20060325, 04:55  #1 
Mar 2006
11 Posts 
Graphic Card usable for Prime?
nvidia wants to use graphic cards to calculate the phsical part in PC games.
When does Prime95 follow this idea and use the GPU for the math? Is it possible? Regards 
20060325, 05:18  #2 
Jul 2004
Nowhere
809 Posts 
there are those physix cards being sold currently and they must have some wicked power because i saw things not even a 10000 dollar machine could do in a video game in gameplay.

20060325, 05:20  #3 
Sep 2002
662_{10} Posts 
This has been brought up before,
the issue is the precision/size of the numbers (data formats) available. The GPUs have 32 bit single precision floating point (earlier 16 bit integer) but 64 bit double precision is needed at least for the FFT routines used by the LucasLehmer algorithm with Prime95. If the smaller range of numbers available with 32 bit floats can be used by a math algorithm then the GPU could be used. If the algorithm is enhanced by the parallel processing of the GPU then it could have very good performance. The physics calculations done on the nVidia GPUs in SLI could also be done by the AGEIA PhysX Processor ( PPU ) that is starting to ship. 
20060325, 19:24  #4  
"Richard B. Woods"
Aug 2002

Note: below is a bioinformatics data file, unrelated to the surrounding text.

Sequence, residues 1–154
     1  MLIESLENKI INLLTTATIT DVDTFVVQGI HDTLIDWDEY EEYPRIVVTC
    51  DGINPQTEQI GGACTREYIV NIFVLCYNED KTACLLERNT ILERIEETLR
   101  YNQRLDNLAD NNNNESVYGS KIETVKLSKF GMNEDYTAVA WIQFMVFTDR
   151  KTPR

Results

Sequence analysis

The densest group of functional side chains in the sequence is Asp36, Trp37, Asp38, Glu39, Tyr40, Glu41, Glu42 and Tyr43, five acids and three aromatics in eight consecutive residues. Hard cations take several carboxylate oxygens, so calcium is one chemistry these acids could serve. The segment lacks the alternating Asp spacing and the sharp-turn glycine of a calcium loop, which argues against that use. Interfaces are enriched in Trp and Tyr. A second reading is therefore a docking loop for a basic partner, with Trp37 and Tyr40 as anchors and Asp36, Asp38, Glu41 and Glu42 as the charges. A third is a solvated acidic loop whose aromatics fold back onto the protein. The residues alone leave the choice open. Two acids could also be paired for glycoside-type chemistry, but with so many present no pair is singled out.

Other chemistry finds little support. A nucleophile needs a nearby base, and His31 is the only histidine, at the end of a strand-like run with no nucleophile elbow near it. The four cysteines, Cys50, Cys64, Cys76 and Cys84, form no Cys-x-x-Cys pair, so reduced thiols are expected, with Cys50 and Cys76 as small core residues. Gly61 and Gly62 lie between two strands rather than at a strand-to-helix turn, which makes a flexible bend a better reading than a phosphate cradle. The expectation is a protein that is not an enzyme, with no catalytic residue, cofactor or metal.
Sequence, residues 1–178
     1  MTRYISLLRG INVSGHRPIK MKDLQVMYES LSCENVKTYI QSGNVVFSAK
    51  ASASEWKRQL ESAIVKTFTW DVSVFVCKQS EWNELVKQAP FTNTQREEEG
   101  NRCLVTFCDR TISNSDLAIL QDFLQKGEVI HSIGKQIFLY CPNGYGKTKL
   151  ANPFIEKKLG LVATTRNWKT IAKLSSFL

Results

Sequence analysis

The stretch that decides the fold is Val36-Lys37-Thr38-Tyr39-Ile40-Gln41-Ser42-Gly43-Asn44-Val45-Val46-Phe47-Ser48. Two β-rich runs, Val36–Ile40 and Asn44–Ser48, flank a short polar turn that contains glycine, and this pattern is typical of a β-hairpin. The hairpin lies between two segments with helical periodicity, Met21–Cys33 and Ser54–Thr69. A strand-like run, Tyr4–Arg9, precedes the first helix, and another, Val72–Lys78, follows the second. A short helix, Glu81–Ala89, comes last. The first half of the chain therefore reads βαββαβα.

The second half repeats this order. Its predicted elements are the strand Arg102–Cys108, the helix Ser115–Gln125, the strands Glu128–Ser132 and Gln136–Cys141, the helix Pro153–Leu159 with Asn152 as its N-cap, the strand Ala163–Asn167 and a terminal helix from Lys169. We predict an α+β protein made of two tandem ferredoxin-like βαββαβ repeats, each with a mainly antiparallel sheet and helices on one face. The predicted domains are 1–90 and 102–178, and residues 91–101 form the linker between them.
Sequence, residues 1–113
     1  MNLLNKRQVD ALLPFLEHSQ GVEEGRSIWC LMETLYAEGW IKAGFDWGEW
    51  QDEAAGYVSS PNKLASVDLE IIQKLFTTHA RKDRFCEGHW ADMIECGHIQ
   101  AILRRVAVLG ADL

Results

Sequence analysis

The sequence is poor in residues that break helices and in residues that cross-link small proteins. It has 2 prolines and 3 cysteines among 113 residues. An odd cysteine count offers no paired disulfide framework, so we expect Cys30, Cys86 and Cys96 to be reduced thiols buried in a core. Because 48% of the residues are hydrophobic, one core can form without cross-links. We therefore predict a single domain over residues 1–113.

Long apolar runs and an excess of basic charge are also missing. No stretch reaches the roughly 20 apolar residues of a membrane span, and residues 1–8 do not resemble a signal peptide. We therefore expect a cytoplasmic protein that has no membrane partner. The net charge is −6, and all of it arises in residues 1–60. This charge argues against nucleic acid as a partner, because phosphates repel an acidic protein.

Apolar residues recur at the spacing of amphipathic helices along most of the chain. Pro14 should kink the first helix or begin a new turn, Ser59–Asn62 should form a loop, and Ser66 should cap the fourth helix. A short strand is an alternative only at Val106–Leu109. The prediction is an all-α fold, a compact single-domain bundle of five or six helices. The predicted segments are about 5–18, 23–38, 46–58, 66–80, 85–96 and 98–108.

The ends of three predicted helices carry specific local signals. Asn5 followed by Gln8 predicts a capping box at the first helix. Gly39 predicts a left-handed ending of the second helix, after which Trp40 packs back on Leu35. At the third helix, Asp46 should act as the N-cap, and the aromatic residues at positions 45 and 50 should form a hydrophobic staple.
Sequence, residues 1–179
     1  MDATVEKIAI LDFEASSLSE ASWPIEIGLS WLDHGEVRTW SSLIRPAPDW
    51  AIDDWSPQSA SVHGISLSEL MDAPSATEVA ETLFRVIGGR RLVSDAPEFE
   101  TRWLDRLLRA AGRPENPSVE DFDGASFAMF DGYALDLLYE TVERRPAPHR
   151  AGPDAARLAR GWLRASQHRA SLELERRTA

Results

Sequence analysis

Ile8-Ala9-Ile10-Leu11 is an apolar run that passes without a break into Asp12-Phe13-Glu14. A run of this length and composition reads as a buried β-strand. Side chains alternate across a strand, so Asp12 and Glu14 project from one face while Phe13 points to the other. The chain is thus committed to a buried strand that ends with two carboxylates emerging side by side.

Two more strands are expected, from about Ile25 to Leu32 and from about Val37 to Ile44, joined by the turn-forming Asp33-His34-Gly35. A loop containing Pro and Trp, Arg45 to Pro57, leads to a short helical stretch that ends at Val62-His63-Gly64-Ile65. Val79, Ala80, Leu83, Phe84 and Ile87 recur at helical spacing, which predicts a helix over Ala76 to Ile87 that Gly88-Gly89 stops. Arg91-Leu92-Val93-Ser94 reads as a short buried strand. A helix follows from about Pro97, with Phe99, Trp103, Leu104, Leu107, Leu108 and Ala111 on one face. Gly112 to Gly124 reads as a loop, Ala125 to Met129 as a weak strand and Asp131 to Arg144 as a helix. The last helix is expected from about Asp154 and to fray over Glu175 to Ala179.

Wisconsin USA
2^{2}×3×641 Posts 
As I wrote in an earlier thread:
Quote:


20060327, 00:20  #5 
"William"
May 2003
New Haven
3·787 Posts 
Has anybody looked into Trial Factoring on a GPU? It seems like the data needs of that task are a better match for the hardware.

20060402, 22:27  #6 
Mar 2003
Melbourne
5·103 Posts 
Looks like the dedicated physics cards won't be suitable for LL work either.
According to: http://personal.inet.fi/atk/kjh2348fs/ageia_physx.html The PPUs from Ageia are "optimized for 32bit floatingpoint math" (and yeah the demos using the PPUs looks absolutely awesome)  Craig 
20060921, 05:23  #8 
Jun 2003
3^{2}×17 Posts 
64 bit Floating Point Math on ATI R580 graphics cards
I recently saw a reference to http://www.peakstreaminc.com which describes the performance increase that is possible using their software libraries and ATI R580 graphics cards. According to this web site they support 64 bit floating point math for high performance computing needs using C and/or C++. They are also offering a no cost evaluation program for Linux workstation users.

20061002, 16:12  #9 
Aug 2002
Rovereto (Italy)
3×53 Posts 
Something new under the sun?
http://ir.ati.com/phoenix.zhtml?c=10...519&highlight= Or are we always facing with double precision iussues? 
20061109, 11:38  #11  
Apr 2003
Berlin, Germany
19^{2} Posts 
What Nvidia means is actually the 4 component vector composed of 4 32bit floats. See as an example, how they handle the bit count:
Quote:


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